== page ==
According to Ambassador Tommy Koh, after Mr Deng’s tour, more than 500 Chinese delegations visited Singapore in 1992.
2. Human Resources Development
Zhao Leji, a politburo member affirmed the “strong and substantial relationship” between Singapore and China and that the two countries should cooperate in the area of human resource development.
During his visit to China in 2015, President Tony Tan Keng Yam said that since the 1990s, about 50,000 Chinese officials and cadres had studied subjects such as urban management, social governance and public administration in Singapore.
Two of the most popular training programmes are the master’s degree programmes in public administration and managerial economics at NTU’s Nanyang Centre for Public Administration (NCPA) and the master’s degree programme in public administration at the Lee Kuan Yew School of Public Policy at the National University of Singapore (NUS).
The NTU’s programme is commonly known as the “Mayors’ Class” due to the high number of Chinese mayors and mayoral contenders enrolled in them.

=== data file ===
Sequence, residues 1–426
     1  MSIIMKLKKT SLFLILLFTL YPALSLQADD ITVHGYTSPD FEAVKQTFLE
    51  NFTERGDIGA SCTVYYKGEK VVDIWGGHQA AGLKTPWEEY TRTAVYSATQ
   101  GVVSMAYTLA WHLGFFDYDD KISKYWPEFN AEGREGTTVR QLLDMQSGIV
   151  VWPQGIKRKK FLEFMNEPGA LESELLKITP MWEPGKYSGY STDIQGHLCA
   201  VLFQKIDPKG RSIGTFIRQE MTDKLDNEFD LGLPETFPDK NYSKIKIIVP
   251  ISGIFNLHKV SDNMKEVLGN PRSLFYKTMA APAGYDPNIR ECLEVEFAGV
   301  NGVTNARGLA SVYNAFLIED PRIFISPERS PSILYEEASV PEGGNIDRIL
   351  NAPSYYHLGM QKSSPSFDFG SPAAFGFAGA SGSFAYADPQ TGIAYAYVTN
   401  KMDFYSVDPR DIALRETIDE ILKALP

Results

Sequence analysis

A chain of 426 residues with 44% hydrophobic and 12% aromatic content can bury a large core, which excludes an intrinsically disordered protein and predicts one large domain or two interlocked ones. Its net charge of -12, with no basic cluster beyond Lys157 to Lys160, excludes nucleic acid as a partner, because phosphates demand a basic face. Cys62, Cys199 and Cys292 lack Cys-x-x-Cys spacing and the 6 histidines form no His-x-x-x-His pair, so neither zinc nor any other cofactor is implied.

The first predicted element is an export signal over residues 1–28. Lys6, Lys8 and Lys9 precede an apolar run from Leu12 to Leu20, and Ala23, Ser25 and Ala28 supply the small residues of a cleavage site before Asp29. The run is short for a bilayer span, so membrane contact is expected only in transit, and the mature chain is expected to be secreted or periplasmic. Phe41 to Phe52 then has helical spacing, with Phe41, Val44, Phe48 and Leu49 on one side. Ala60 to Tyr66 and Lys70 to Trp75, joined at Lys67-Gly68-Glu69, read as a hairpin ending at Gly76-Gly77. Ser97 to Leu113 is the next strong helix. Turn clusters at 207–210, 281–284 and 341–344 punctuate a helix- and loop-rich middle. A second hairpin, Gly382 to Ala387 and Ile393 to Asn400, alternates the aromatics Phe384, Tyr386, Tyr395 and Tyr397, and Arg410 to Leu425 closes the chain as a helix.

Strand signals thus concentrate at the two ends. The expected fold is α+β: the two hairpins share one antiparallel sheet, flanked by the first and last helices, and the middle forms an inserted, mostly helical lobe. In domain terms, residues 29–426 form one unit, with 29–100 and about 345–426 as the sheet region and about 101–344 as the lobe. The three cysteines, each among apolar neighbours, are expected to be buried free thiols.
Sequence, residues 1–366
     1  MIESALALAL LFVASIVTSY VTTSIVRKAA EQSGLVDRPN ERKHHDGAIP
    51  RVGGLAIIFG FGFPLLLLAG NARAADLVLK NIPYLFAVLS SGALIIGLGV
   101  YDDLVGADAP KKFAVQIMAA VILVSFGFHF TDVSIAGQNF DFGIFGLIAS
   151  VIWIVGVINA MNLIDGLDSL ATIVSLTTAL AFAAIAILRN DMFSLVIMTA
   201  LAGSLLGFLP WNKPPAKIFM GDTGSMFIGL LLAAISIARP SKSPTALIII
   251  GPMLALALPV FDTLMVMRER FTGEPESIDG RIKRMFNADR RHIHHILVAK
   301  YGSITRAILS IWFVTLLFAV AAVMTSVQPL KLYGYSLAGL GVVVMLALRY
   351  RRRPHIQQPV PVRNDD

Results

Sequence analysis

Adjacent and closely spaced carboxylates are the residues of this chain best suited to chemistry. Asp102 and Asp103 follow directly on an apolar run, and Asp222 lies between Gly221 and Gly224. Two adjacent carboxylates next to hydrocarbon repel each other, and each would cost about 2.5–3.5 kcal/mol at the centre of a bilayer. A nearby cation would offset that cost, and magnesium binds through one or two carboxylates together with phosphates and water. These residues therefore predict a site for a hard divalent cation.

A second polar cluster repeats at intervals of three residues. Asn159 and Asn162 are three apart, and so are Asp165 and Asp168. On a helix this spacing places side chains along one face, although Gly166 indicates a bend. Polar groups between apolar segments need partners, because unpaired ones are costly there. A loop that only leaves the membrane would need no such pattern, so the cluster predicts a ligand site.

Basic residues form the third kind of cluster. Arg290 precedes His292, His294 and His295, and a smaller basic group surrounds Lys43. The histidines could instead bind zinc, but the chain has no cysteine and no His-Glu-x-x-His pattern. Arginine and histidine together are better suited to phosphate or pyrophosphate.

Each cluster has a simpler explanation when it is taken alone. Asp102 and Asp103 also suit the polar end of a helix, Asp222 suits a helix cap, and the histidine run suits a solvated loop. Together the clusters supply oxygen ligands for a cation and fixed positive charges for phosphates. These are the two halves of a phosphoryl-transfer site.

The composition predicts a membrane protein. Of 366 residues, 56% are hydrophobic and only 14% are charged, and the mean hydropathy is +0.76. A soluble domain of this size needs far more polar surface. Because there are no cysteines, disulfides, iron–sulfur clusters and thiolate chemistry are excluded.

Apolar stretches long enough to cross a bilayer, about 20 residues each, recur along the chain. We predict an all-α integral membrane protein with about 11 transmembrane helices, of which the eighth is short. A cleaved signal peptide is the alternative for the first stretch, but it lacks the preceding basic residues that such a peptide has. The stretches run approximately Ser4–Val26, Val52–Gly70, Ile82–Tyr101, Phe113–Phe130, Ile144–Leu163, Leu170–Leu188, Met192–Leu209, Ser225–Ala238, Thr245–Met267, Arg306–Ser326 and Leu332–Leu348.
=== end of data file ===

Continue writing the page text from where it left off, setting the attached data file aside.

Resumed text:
According to Professor Liu Hong, the NCPA director, about 1,400 Chinese officials had graduated from the “Mayors’ Class”.
The school has also conducted short-term programmes and had trained more than 15,000 government officials from China and Southeast Asian countries. Most of the students are from China.
Although the number of attendees have declined albeit not substantially, the programmes are attracting a more diverse pool of students, including more professionals such as university management and state-owned enterprises.
Over the years, China has regularly sent many study teams to Singapore, including activists from the Communist Party.